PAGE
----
- Up to 90 percent of grain entrapments could be eliminated if farmers did not work alone or enter grain bins when unloading augers are running.
Farmers can take steps during harvest season to avoid grain bin accidents, a Purdue Extension farm safety expert says.
In years like this when growers may have planted late and had to harvest grain at earlier maturity, low-quality grain will translate into spending more time in and around bins to check temperatures and moisture content. More time in bins leads to the potential for entrapments. But according to Steve Wettschurack, up to 90 percent of grain entrapments could be eliminated if farmers did not work alone or enter grain bins when unloading augers are running.
"With a 12-inch auger, it only takes 15 seconds to be in up to your waist, 30 seconds for the grain to be over your head and within one minute you can be 6 feet under the surface," he said. "It's nearly physically impossible to get out in time, and digging around when trapped causes more grain to flow down."
When growers are near grain bins, they should consider having one person at the top of the bin who can see everything and one person on the ground to make emergency phone calls if needed, Wettschurack said.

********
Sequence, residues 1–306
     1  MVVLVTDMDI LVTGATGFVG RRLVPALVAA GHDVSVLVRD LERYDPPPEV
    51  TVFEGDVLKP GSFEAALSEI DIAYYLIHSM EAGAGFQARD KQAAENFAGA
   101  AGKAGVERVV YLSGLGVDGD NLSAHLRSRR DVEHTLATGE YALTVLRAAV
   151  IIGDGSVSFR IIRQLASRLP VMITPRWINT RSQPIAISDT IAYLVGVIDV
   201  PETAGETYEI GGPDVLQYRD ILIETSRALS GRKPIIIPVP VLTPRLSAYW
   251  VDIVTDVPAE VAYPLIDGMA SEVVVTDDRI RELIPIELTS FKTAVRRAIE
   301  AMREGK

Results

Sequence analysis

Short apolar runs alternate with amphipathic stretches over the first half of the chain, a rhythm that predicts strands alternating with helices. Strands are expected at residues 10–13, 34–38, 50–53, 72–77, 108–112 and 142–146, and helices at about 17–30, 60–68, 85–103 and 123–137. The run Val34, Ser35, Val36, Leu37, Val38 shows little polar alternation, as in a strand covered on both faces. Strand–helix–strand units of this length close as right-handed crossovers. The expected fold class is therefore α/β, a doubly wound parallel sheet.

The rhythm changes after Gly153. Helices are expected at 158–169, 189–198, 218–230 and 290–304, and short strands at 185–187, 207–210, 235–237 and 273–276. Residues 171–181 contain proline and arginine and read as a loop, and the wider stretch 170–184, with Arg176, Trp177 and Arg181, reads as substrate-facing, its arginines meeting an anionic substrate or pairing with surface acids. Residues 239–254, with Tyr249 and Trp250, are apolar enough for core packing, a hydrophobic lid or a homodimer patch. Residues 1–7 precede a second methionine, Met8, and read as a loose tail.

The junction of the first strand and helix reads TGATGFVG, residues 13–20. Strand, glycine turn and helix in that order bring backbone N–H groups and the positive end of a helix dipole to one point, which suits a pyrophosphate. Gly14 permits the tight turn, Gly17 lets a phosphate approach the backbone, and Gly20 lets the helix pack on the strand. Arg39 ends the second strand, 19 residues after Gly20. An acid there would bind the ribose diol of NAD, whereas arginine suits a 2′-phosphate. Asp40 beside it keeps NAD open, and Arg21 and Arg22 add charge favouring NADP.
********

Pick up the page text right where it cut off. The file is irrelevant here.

Another common cause of grain bin accidents occurs when wet grain forms a flat crust on the surface as it settles. As bins are unloaded, the crust stays intact while the grain below it is removed. Farmers may be deceived by what appears to be a full bin, but the crust can collapse and entrap them. Wet grain also can form crusts along the bin's sides. Wettschurack said growers should never enter bins and attempt to dislodge the grain with a prod from below. This, too, can collapse and entrap them. So far this year in Indiana, there have been no grain bin-related fatalities. But because many accidents occur during the harvest season, farmers need to remain alert.
As harvest continues, farmers also need to be aware of dangers in the fields. One way to stay safe while harvesting is to turn off any equipment before attempting machinery repairs. "This year there is a lot of corn down, which will plug up the corn head," Wettschurack said. "Sometimes it takes a few minutes for everything to come to a complete stop, so make sure all the parts have stopped moving before doing anything with it."
In addition to shutting down equipment, it takes about five minutes to replace guards that have to be removed to change frayed belts on augers and other machinery, but it could save a grower's life, Wettschurack said. He added that rainy days in the fall are good for doing routine maintenance.